Mar 5, 2024
Preliminary findings from college sports concussions study revealed

The University of Texas Southwestern Medical Center’s O’Donnell Brain Institute began studying how college sports resulting sports-related concussions impact brain wellness later in life back in 2022.

The preliminary findings from that two-year study from phase one are now available to the public.

concussionsA recent story from KERA News sat down with one of the principal investigators, Dr. C Munro Cullum, professor of psychiatry, neurology and neurological surgery at UT Southwestern Medical Center, to discuss the study’s preliminary findings.

Below is an excerpt from the KERA News interview.

The goal for this study was 500 participants over 50. Which I understand you far surpassed. Now did that level of willingness surprise you?

There are a lot of people very, or becoming more, concerned about brain wellness in general, right, with health and, you know, doing things that are good for the heart and exercise and whatnot.

But also, it does reflect upon the concerns, I think, that people have after a concussion. And there’s a lot of concerns about, you know, what might the implications be if your child has a concussion? What are the implications decades later or for our aging population? Looking back. Did those concussions I had years ago, might those be affecting me?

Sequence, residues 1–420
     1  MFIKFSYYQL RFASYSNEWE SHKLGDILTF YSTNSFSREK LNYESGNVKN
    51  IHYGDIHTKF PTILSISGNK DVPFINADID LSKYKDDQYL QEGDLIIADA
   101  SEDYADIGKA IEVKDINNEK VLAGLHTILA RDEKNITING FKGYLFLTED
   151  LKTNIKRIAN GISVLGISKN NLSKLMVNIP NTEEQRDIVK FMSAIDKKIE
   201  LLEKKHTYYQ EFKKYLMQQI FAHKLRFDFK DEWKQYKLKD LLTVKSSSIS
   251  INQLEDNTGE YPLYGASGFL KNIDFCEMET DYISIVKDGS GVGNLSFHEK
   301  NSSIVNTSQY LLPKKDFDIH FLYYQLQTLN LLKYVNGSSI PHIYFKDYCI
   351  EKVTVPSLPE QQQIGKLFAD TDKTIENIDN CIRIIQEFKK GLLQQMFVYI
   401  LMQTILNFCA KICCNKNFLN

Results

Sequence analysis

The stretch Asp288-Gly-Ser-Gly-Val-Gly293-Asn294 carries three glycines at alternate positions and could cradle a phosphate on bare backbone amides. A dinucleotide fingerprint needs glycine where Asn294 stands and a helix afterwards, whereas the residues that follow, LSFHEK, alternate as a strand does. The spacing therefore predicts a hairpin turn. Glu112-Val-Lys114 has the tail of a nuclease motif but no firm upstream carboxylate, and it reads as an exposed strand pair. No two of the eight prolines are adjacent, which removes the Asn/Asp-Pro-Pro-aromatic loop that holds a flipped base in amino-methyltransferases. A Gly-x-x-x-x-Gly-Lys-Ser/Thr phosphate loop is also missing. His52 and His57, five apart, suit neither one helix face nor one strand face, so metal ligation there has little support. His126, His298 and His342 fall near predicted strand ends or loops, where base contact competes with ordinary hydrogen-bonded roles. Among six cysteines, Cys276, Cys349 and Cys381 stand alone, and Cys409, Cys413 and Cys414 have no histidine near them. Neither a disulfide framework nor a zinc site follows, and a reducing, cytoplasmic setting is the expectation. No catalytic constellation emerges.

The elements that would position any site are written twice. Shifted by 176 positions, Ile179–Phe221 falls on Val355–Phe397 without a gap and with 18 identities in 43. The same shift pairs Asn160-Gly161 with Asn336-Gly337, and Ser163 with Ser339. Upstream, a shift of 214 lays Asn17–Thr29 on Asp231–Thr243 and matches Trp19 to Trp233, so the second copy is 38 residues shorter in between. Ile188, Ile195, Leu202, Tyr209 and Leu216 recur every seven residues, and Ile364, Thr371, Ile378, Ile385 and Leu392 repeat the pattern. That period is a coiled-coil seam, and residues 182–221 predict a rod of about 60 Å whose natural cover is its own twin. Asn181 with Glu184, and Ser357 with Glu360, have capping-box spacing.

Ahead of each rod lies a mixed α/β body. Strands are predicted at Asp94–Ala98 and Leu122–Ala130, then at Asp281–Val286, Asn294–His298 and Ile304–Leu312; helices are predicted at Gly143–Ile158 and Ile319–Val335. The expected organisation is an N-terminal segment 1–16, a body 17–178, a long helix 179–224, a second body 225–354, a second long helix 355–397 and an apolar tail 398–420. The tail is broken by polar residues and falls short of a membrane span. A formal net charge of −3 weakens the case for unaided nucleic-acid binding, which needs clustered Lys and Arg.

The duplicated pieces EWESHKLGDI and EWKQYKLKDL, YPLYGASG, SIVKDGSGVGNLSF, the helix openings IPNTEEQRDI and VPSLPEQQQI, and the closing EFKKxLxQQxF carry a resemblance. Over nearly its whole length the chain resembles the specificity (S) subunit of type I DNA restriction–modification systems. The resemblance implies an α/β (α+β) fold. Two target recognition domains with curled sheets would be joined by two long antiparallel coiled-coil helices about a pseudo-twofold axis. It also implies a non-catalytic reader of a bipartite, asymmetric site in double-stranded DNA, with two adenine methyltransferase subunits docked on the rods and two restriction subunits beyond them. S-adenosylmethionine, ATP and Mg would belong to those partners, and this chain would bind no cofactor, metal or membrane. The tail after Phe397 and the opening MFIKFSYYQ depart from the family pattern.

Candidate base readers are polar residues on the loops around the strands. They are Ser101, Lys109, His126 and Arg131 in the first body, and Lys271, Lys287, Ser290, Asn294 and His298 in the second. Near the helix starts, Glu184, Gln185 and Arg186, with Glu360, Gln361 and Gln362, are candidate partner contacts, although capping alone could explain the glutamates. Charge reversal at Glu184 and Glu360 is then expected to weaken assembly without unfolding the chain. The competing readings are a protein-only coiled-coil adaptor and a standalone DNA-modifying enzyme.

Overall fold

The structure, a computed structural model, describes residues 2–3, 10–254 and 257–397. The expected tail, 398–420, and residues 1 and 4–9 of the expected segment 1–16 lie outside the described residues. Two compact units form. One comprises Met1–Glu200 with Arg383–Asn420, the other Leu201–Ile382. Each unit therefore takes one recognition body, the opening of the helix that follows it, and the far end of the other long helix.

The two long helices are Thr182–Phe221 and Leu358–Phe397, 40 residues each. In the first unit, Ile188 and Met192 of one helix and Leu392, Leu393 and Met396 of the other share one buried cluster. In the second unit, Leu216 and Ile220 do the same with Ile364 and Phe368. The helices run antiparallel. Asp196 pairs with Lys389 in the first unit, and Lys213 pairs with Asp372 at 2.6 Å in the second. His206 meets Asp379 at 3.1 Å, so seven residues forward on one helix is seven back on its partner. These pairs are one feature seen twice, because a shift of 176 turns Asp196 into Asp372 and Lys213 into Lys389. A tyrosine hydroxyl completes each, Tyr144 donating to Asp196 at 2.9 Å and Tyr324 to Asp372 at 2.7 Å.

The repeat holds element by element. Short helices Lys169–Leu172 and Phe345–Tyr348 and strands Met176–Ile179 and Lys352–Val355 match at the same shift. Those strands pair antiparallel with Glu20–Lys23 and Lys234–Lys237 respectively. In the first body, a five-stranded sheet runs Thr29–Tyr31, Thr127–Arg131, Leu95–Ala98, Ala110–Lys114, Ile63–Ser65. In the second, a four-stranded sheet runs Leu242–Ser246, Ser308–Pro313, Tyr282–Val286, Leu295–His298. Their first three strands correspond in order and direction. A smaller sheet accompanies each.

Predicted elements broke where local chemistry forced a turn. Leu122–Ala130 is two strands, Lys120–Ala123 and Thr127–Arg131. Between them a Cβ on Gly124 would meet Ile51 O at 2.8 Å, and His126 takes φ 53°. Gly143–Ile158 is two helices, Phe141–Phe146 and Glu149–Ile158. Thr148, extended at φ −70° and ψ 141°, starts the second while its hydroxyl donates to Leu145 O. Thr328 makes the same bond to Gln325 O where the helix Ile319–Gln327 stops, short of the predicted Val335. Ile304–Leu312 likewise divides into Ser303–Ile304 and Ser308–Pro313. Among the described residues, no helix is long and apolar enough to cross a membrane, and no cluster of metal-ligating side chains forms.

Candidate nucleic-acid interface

And that’s what your study is trying to find out, right?

Yes. we’re looking at both athletes and non-athletes at this point, who are over age 50 and who did or did not have a prior history of concussions.

So one of the areas that are really understudied is aging female athletes with and without a history of concussion related to sport. We just don’t know as much about the female aging brain with respect to concussion, and what factors contribute to, quality of life, mental health, and cognitive status later in life.

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Preliminary findings from the first phase found about a quarter of former female athletes had some level of concern about later-in-life cognitive issues.

It was about what we expected, I would say, based on, some other surveys, although we really didn’t know whether the concern would be higher or lower in women because of the reports of CTE being vastly represented by males, dominated by male brain collections with very few females, to date. So I guess it was a little surprising that a fourth expressed that concern.

To read the full interview with Dr. C Munro Cullum, click here.

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